Do fires often occur in Greece?
The country experienced the worst year on record in terms of forest fires in 2007 when extremely hot and dry weather conditions combined with strong winds and led to a disastrous surge in forest and wildfires.
According to the European Commission report, the total area burned amounted to 268,834 hectares, nearly twice the size of London. As many as 124 fires were burning by the end of August. Some 64 people died.
The Foreign Office says that Greece is prone to forest fires and that they often occur during the summer months.
“Forest fires are highly dangerous and unpredictable,” the FCO says. “Take care when visiting or driving through woodland areas. Make sure cigarette ends are properly extinguished, and don’t light barbecues.
“Causing a forest fire is treated as a criminal offence in Greece even if unintentional. If you see a forest fire, call the emergency services on 112.”
There are a number of fires burning across the continent, according to the EU Emergency Management Service, which has identified fires in southern Italy, France and Spain.
The most recent data set - for 2013 - shows that there were 862 fires in Greece a year, compared to 19,291 in Portugal. The Iberian peninsula regularly has the most fires, followed by France and Italy.
What should I do if I get caught up in a forest fire?
The Greek Civil Protection agency has issued the following advice:
If you notice fire, call the Fire Service call centre (199) and give clear information about:
- the location (the exact point) of the fire
- the direction of the fire
- the kind of vegetation that is burning.
It warns that the fire season runs from May to October, adding that the weather in Greece is “warm, dry and windy”.
It advises visitors not to burn litter, dried grass or twigs, or to use barbecues in forests or close to dry vegetation.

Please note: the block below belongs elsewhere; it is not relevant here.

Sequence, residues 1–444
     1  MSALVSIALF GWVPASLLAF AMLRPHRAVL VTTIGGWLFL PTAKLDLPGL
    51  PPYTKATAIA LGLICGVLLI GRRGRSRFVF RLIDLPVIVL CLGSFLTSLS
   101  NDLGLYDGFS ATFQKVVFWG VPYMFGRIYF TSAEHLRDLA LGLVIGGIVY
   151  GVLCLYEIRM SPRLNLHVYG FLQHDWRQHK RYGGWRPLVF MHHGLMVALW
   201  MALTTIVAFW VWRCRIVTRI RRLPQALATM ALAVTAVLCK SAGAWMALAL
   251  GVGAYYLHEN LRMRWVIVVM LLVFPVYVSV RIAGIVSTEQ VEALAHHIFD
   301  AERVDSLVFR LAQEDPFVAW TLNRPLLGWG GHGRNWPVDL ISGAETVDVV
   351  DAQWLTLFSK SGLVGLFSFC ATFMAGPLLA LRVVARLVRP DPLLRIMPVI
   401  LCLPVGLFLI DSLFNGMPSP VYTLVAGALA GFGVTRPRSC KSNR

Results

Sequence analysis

“Never throw away lit cigarettes [and] avoid outdoor activities that may cause fire.”
Can I cancel my holiday?
In short, no. But if your trip has been dramatically altered by the fires, then your tour operator will be contractually obliged to provide suitable alternative arrangements or offer a refund. If you simply want to cancel your trip out of choice, it is unlikely that you will be entitled to a refund.
Contact your tour operator, accommodation or your insurer to discuss your options.
Is climate change causing more fires?
The European Environment Agency says that climate change projections suggest “substantial warming and increases in the number of droughts, heat waves and dry spells across most of the Mediterranean area and more generally in southern Europe".
“These projected changes would increase the length and severity of the fire season, the area at risk and the probability of large fires, possibly enhancing desertification,” it said.
The area burnt in the Mediterranean region increased from 1980 to 2000, but has decreased thereafter. One study suggests that the area of land burnt in southern Europe by wildfires could more than double this century.